ARALE conference

The ARALE Conference took place in Brussels on 2nd and 3rd of October 2013.

Enthusiasm raises awareness

Enthusiasm for learning is the goal. But enthusiasm is also an important tool for raising awareness of adult learning. And enthusiasm certainly was present at the conference on Awareness Raising in Adult Learning and Education (ARALE).

The conference took place in Brussels on October 2 and 3 with around 70 participants from 20 European countries plus Israel and Japan. At the conference the results of a survey on EAEA-members’ awareness raising activities were presented, debated and not the least: new experiences and viewpoints were added. The survey is part of the ARALE project.


Berni Brady from AONTAS, Ireland, described one way to introduce enthusiasm into awareness raising:

“We make our campaigns into celebrations of learning, including Star Awards and big events,” said Berni Brady from AONTAS, Ireland. She presented the Irish Adult Learner’s Week, one of the examples of campaigns directed at the general public.

Looking forward

Another way of creating enthusiasm also came from Ireland. Clare McNally from the National Adult Literacy Agency told the conference participants about their TV advertising campaigns towards a “special target group”, adults with reading problems.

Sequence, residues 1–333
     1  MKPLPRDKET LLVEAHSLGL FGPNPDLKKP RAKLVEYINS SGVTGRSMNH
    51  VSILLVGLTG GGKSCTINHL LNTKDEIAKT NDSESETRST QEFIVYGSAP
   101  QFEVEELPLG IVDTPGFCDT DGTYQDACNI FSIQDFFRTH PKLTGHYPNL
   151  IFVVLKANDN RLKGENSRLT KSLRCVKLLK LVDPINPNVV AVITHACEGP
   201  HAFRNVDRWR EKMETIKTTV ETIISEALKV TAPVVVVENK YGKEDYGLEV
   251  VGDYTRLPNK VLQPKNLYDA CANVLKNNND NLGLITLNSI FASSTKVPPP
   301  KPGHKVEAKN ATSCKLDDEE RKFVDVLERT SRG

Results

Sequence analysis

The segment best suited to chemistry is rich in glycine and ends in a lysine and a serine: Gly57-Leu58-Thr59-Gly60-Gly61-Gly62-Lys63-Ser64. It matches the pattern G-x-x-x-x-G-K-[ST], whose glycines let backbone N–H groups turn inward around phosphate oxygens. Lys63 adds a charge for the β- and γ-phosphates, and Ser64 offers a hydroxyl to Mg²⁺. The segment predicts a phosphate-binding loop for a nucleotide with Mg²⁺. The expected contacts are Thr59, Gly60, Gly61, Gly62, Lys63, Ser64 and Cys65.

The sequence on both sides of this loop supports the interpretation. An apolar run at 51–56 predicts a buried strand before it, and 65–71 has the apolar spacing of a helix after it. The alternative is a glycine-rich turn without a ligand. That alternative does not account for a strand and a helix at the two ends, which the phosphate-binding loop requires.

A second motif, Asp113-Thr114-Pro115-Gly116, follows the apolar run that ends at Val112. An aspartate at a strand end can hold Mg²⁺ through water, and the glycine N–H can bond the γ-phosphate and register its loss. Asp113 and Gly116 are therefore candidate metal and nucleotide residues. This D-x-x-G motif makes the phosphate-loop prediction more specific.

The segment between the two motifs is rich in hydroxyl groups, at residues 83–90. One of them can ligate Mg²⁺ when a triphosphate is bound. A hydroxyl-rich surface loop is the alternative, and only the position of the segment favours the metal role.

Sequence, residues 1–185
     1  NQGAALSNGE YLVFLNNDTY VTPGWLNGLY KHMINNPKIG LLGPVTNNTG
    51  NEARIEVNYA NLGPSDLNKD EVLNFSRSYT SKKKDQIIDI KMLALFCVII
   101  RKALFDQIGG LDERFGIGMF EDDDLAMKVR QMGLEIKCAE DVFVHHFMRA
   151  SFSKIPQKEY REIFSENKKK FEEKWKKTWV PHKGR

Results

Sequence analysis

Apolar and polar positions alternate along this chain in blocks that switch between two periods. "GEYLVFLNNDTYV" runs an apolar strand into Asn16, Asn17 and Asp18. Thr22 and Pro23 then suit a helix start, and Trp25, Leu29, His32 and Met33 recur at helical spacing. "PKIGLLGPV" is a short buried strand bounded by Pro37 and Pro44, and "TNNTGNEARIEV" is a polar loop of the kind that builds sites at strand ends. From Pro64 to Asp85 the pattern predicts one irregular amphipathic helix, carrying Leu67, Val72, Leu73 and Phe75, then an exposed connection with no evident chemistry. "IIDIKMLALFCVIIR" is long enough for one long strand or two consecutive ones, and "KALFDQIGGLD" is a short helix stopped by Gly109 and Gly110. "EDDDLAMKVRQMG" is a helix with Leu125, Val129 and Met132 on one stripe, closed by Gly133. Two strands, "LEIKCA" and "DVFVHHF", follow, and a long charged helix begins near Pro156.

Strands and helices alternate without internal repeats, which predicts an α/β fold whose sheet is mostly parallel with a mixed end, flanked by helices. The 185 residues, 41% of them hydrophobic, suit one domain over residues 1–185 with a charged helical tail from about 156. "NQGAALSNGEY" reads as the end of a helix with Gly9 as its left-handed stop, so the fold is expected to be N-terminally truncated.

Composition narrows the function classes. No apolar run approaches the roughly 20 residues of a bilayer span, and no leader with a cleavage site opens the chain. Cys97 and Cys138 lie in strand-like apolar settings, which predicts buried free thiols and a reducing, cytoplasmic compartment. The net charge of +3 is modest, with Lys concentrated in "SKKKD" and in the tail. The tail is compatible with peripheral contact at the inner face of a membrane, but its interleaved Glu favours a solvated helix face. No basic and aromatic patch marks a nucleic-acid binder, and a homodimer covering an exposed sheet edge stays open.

“We focus on the possibilities and opportunities that occur when dyslectic people take the difficult step of taking an adult education reading and writing course – not their difficulties and setbacks,” said Clare McNally.

“Since then I never looked back,” was the repeating optimistic statement of the case persons in the TV-spots.

Prepare, prepare, prepare

Enthusiasm alone will not do it. You have to combine it with professionalism. That was one main point in the lecture of Amelie von Zweigbergk from Sweden, introducing the third aspect of awareness raising – for a very special target group: policy makers.

With the benefit of being a former politician and now working for adult education (she is an EAEA Board member) she gave a hand-on instruction on how to talk to politicians.

“You must prepare your story. You must prepare your message, and you must know all about the minister, who has given you 15 minutes – and wants to get it done quicker,” she said.


Eight different awareness raising efforts were presented. Eight workshops took place. In addition participants heard an introduction to another project on the Benefits of Lifelong Learning (BeLL), a panel debate and an introduction to Erasmus + by a representative of the European Commission.

But the reason that most participants left enthusiastic was the sharing of experiences.

In the final session Zvonka Pangerc Pahernic from Slovenia summed up, what conferences like this are about: “stealing and sharing – dreaming and daring”.